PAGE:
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Turning Strategy into Action Workshop

 Workshop date: 9 September 2009

Fifteen participants from eleven organisations participated in the event, hosted by the Australian Centre for Philanthropy and Nonprofit Studies, QUT, presented by Gavin Nicholson, Senior Lecturer, School of Accountancy, QUT, and co-facilitated by David Fishel, Director, BoardConnect and Positive Solutions.

Overview of discussion:

  • what is strategy
  • the role of the board in strategic thinking and planning
  • indicators of success
  • inhibitors to implementation of strategy

Gavin Nicholson opened the discussion with a brief analysis of the differences between non-profit and for-profit organisations and how that affects strategy and board behaviour.· He noted the importance of board members understanding how the business works and the tension that can arise when an experienced business person joins a non-profit board.

Strategy was defined as:
how an organisation intends to create value for its stakeholders

Encouraging strategic thinking in the boardroom

  • getting board members into the right frame of mind to contribute at board meetings
  • the value of independent directors on a board challenging assumptions and asking fundamental questions such as “why do we do that?”
  • the paradox of governance: the drive for efficiency (short meetings), opposed to the time needed to tease out the important issues - some boards conduct discussions via email in between meetings
  • the importance of circulating board papers at least several days before meetings
  • using sub-committees to help keep meetings on track – also short-term task groups who take on a specific project that has a specific end time (also helps to engage directors and improve their understanding of the organisation)
  • recognition that strategy and governance are both processes of an organisation, not ends in themselves

The Engaged Board

  • discuss and agree the nature of the board’s engagement
  • time for reflection is when things are going well (e.g. strong trust between board and management; but this is also a time when oversight is not as strict, bad habits creep in)
  • in determining strategies apply the “Purpose” test (Do we have capacity? Do we have support? Does it advance our purpose?) during strategic planning, but also at other times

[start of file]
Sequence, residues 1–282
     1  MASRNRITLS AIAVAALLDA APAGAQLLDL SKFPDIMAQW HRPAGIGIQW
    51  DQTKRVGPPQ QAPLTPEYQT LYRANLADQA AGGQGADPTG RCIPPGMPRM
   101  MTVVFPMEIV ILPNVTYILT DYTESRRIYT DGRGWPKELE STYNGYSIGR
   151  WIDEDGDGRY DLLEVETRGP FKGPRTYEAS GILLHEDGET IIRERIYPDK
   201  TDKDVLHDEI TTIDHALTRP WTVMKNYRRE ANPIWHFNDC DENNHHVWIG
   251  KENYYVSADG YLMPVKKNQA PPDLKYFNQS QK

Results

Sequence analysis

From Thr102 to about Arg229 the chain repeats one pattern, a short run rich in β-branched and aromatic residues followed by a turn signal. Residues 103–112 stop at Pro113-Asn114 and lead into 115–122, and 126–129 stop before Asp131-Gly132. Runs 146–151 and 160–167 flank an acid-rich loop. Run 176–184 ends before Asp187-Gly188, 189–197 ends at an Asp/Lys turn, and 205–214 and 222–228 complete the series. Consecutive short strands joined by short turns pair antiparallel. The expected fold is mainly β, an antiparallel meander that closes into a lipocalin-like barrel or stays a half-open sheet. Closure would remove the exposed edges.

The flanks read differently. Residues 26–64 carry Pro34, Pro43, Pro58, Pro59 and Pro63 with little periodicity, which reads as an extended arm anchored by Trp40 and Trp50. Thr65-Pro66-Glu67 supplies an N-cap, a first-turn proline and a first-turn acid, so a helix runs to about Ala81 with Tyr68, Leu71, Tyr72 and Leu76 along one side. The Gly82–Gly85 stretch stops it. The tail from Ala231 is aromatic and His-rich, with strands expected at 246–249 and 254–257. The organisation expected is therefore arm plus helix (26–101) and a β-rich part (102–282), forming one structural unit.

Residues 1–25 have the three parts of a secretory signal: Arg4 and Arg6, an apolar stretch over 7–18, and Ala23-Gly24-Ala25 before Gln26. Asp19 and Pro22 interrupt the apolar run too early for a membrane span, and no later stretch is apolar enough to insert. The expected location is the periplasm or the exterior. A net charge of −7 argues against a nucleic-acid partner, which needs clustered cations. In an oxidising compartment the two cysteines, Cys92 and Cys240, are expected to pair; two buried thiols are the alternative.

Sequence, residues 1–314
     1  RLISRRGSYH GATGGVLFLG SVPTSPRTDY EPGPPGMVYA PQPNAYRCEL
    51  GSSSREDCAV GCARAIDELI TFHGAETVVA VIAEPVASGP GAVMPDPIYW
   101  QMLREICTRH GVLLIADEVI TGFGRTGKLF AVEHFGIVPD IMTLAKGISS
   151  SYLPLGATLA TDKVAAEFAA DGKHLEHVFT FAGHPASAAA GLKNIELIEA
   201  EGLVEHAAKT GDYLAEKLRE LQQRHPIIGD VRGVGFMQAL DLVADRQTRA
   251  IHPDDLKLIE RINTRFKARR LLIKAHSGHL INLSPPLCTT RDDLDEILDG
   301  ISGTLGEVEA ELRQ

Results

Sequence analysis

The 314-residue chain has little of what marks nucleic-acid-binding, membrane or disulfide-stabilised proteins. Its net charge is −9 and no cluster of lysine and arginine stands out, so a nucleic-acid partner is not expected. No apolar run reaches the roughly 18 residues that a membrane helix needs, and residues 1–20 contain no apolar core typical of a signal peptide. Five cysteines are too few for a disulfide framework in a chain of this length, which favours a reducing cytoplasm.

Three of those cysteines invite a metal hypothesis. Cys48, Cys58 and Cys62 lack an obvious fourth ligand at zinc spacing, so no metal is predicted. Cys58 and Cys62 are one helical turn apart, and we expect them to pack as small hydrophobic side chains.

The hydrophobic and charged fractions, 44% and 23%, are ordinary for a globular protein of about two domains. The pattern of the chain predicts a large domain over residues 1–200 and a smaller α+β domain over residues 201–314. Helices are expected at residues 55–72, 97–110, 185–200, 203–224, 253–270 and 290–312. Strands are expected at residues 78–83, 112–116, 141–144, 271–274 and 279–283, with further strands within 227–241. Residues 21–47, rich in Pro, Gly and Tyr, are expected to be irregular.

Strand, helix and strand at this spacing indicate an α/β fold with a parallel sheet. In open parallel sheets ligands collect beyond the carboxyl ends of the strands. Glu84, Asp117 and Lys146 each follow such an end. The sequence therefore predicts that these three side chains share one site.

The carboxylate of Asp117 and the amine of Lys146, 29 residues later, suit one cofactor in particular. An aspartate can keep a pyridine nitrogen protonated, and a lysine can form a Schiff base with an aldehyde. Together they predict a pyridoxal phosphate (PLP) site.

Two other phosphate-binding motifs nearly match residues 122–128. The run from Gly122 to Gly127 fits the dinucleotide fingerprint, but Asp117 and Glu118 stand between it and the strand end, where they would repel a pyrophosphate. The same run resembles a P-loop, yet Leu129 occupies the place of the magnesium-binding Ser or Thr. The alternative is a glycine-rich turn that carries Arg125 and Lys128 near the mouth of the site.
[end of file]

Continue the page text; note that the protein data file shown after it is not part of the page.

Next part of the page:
• board members have different interests and will often engage with different areas/tasks according to those interests

Indicators of Success

  • recognition that success is more than just numbers and percentages
  • suggestion that evaluationis more useful: e.g. What are we aiming for?· What would we look like if we got there?
  • disjunction between measurements required by funding bodies and the quality of outcomes
  • importance of clearly defining indicators of success, leading to the ability to articulate a solid business model and benefits to community, shareholders etc
  • success should be defined by multiple criteria (a number of “ands” rather than “ors”)

Overall Strategy

  • is as much about defining what the organisation doesn’t do as what it does;
  • board needs to resist natural staff tendency to want to do more than resources will permit;
  • board can set a statement of “strategic priorities” that are explicit, but not set in concrete;
  • need to be open to adaptation, so that if new ideas are tested against the mission and found to be aligned, new opportunities can be seized;
  • some organisations have programs but no strategy. Need to be specific about what is success, which will then point the direction for the strategy

Strategy Into Action

Some inhibitors are:

  • unclear strategy and/or no assessment
  • resistance to strategy from board members or staff
  • reality check: what is achievable? Attach financial forecasts and link strategies to operational plan
  • reports to board should be against strategies, not just operational areas

Indicators of failure:

  • no capacity to implement the goals identified
  • goals identified but not aligned with the strategy
  • no follow-up

If management meetings are discussing things that are not part of the strategy, then the strategy is wrong.

  • financial forecasts = strategy with numbers
  • many organisations choose strategy around the people and skills they have, others choose people/skills around strategy

Download these notes incl selected slides from the workshop here.